Medvedev called sanctions "painful" for Russian economy

“After the annexation of Crimea, the return of Crimea to our country, sanctions followed. Naturally, this also hit the economy quite painfully, and we had to not only set up work amid very difficult sanctions, and even crisis conditions … the government had to tackle the most important topic that it had never dealt with before – I mean import substitution,” Medvedev said.

Ex-Prime Minister of Russia Dmitry Medvedev in an interview with the Channel One said that the global sanctions against Russia following the annexation of Crimea “hit the economy painfully.” This was reported by Interfax.

“After the annexation of Crimea, the return of Crimea to our country, sanctions followed. Naturally, this also hit the economy quite painfully, and we had to not only set up work amid very difficult sanctions, and even crisis conditions … the government had to tackle the most important topic that it had never dealt with before – I mean import substitution. Because a number of goods were cut off from our country,” Medvedev said.

We recall, on January 15, the Russian government resigned.

Vladimir Putin has proposed changes to Russia’s constitution that would limit the power of a potential successor if he steps down in 2024, indicating he may occupy a beefed-up role as Russia’s prime minister or in the government’s state council.

In a televised speech before senior officials, Putin suggested amending Russia’s constitution to limit a future president to two terms in office – he has served four – tightening residency requirements for presidential candidates, and letting parliament choose candidates for prime minister and the cabinet, in effect weakening the presidency.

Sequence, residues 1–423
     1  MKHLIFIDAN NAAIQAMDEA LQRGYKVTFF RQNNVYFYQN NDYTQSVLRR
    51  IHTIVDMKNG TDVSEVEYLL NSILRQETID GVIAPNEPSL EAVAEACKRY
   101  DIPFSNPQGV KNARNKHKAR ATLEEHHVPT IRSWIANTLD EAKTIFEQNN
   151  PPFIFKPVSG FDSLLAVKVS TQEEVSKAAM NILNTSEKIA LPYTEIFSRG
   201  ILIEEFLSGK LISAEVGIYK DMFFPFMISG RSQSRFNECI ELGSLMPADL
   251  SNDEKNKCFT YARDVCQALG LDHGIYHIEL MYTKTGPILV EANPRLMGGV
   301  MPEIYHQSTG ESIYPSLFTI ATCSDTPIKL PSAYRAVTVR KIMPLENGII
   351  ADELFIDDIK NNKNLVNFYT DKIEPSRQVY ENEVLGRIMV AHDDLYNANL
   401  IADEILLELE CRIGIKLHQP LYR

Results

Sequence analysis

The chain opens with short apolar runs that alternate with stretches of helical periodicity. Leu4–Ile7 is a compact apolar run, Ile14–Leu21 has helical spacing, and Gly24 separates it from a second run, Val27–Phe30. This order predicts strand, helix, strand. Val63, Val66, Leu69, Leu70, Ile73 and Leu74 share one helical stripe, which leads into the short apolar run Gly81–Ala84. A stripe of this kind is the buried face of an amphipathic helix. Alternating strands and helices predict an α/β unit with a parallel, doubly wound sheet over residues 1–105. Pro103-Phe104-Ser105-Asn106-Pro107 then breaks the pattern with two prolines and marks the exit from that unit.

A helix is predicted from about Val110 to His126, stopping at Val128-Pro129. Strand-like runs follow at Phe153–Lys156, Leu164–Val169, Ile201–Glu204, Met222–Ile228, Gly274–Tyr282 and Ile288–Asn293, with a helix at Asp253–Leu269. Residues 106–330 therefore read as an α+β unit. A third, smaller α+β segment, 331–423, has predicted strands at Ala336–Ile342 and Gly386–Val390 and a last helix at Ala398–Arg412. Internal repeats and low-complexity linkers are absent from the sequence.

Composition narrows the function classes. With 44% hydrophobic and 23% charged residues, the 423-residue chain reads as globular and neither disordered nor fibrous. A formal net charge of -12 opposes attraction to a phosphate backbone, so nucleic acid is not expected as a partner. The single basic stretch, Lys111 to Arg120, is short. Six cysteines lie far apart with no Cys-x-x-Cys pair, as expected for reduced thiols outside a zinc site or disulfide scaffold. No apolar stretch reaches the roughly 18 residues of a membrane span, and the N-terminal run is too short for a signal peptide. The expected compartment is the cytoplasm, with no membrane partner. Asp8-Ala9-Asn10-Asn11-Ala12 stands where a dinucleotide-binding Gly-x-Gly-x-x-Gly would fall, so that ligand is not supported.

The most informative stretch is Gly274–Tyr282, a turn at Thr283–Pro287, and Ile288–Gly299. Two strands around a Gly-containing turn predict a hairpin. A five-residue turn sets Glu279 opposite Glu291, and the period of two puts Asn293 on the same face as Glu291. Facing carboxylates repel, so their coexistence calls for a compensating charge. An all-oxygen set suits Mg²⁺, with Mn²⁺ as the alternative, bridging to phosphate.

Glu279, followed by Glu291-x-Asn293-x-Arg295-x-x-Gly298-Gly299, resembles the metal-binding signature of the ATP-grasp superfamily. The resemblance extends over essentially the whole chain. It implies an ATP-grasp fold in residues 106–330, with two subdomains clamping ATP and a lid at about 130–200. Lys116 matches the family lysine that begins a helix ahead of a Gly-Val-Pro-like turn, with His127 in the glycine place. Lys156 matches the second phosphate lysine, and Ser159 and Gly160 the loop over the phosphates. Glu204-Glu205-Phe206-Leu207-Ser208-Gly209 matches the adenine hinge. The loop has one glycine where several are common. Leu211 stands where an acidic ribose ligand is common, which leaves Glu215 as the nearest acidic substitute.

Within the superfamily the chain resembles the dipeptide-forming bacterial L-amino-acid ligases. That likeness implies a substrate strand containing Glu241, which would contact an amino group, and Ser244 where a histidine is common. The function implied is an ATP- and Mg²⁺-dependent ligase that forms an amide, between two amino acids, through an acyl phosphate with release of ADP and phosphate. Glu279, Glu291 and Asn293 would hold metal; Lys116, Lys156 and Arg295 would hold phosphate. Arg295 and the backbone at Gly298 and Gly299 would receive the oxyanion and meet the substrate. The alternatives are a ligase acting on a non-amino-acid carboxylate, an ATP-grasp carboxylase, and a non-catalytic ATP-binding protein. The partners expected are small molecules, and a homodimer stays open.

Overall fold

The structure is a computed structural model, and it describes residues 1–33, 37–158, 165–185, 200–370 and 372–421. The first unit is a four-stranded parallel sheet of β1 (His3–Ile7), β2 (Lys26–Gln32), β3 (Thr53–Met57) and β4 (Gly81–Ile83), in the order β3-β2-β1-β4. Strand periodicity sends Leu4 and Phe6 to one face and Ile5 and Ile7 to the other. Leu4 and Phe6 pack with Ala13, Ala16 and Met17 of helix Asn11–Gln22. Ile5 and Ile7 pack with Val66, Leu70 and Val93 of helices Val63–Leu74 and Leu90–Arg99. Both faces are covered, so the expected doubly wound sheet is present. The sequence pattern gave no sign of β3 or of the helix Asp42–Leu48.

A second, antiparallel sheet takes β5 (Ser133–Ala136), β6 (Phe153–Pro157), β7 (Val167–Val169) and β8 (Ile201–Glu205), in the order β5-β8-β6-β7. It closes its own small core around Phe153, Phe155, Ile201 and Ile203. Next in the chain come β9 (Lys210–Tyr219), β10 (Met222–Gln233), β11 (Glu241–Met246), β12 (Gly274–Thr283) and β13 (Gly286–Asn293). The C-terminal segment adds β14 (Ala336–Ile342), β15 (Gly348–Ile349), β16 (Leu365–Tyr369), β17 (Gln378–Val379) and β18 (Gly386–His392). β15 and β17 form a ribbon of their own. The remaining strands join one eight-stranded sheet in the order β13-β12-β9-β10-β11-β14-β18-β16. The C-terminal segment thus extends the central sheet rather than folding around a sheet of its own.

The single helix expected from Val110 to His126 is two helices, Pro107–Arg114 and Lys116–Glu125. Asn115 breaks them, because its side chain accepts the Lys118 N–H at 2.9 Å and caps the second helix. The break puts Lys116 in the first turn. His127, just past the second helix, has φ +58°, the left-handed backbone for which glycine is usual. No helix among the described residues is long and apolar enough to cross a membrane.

Shortly after the speech, Prime Minister Dmitri Medvedev said that Russia’s government would resign in full, allowing Putin to appoint new ministers as he embarks on a sweeping reshuffle of Russia’s leadership. Medvedev, who also announced his intention to step down, would be appointed to a new position as the deputy chairman of Russia’s Security Council, which is headed by Putin.

That would allow Putin to appoint a new prime minister, potentially signalling whom he favours as a potential successor. It is not clear when the new prime minister will be named, and Putin has asked the current government to stay on until new ministers have been chosen.

Putin presented his amendments to the constitution as a significant change to Russia’s governing document, and called for the first nationwide referendum since 1993 to confirm them. An elections official said within an hour of Putin’s speech that a referendum could be prepared as soon as the proposals to amend the constitution were formalised

(c) 112

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